Yesterday, as the sun was shining and I was driving through Philly in my new(ish) car with the windows down, pumping NPR through my top-o-the-line stereo, I had an experience that hasn’t left my mind.
A man, dressed in a neatly pressed blue button down shirt and clean khakis, stood outside of my window. He held a cardboard sign in his hands and he looked at me with pure fear in his eyes. His sign read:
Homeless Father of 2. Lost everything. Will work. Please help. God is great.
He opened his mouth to ask me something, and I stared straight ahead, ignoring him completely. That was wrong, and I feel completely ashamed at the fact that I would do such a thing. Whether this man was sincere in his plea, or his “story” was fiction, is beyond the point. Another human approached me in a time of need, a time of desperation, a time of vulnerability, and I ignored him.
I don’t think that I’m alone in this reaction.
I have strong feelings about how I help the homeless citizens that I encounter. I’m willing (and often do) purchase food, smokes, drinks, and other small items for someone when they ask me for change outside of the Wawa. I don’t give money. I never give money.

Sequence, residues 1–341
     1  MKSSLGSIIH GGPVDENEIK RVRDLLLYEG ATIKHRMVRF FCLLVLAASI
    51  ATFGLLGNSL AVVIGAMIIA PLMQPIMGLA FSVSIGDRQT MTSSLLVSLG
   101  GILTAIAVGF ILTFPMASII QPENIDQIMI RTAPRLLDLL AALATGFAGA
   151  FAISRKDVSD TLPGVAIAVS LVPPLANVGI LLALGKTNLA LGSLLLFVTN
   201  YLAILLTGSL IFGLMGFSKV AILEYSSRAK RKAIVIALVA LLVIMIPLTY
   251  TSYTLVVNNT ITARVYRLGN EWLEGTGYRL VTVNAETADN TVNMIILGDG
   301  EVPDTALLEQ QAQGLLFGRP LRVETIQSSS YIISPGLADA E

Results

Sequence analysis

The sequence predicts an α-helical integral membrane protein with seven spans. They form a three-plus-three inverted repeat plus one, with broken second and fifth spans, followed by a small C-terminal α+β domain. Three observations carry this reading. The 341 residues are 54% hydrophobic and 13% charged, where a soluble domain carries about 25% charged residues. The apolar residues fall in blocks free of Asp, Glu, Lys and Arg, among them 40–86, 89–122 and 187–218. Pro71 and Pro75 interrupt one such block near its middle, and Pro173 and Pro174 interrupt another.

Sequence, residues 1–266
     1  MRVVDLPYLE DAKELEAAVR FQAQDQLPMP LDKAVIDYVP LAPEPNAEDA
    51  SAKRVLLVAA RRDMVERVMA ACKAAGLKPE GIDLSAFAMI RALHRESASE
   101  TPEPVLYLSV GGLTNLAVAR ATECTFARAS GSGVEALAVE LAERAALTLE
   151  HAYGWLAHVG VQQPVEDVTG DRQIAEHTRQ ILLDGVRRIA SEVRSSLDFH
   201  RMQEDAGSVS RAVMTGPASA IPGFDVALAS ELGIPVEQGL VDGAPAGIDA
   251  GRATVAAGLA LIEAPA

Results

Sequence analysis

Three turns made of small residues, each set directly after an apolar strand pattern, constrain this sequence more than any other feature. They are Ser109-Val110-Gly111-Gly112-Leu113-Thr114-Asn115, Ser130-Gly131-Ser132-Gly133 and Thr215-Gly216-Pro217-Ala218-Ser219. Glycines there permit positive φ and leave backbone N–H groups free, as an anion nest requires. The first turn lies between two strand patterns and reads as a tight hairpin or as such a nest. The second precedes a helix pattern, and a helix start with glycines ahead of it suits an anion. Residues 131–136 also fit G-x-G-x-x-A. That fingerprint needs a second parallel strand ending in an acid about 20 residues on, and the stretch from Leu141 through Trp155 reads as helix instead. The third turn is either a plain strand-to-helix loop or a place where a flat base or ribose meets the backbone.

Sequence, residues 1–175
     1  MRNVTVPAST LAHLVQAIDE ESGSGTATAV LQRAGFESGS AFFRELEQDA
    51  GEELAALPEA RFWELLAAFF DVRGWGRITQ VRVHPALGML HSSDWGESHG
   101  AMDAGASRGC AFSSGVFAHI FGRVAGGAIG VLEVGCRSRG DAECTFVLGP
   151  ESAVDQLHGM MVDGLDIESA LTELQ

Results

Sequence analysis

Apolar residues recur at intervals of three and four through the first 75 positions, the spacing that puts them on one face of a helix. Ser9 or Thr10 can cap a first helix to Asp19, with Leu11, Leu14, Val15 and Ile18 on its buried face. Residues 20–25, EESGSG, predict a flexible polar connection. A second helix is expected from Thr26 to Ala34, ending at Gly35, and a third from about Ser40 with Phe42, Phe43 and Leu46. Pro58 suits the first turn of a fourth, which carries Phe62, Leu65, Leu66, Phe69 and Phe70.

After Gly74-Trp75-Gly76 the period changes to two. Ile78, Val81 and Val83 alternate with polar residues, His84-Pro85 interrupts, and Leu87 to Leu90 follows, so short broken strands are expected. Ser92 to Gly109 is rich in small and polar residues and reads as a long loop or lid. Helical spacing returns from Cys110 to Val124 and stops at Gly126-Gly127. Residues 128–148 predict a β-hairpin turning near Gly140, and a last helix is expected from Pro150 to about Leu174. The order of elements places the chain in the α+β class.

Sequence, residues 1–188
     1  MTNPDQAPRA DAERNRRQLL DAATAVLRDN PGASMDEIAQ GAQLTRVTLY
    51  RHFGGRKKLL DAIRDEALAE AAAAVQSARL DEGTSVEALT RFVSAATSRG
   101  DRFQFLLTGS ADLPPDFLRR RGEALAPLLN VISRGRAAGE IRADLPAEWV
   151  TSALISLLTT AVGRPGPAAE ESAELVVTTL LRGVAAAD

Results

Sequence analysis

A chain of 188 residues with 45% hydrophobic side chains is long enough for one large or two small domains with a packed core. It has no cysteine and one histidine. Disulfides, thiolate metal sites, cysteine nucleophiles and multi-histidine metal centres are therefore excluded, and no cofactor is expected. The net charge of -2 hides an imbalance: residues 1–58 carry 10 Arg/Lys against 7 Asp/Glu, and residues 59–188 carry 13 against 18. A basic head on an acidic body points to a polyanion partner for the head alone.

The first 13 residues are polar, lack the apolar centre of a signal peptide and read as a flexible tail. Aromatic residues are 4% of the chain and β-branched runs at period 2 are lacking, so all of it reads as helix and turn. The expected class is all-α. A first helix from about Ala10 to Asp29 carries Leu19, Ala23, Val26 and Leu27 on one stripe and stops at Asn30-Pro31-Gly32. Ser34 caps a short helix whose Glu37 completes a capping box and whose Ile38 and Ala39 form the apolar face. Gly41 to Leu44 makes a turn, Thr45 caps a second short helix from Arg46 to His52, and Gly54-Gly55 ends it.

But can I do more? Should I do more? Is it my burden or theirs? If it’s mine, where do I draw the line?
I’m ashamed. I’m a father of two. I count my lucky stars every day that I have been given the opportunities that I have, but should I feel guilty about that success?
I don’t have the answers here, but I can continue to search for them. I will, however, work towards changing my interaction. Each person deserves to be treated equally, regardless of their situation in life. It is not my place to ignore someone asking for help, rather, respond to them with sincerity, like I would with anyone else. My answer may be “no” or it may be “Can I buy you something to eat?” But it will be an answer. Giving respect is the absolute very least that I can do, but it’s an important thing to do.
This father of two did not deserve my disrespect. No one deserves that disrespect.
We’re in this life together and treating each person with respect, even if it’s to tell them that you won’t help them, is an important step in our collective future.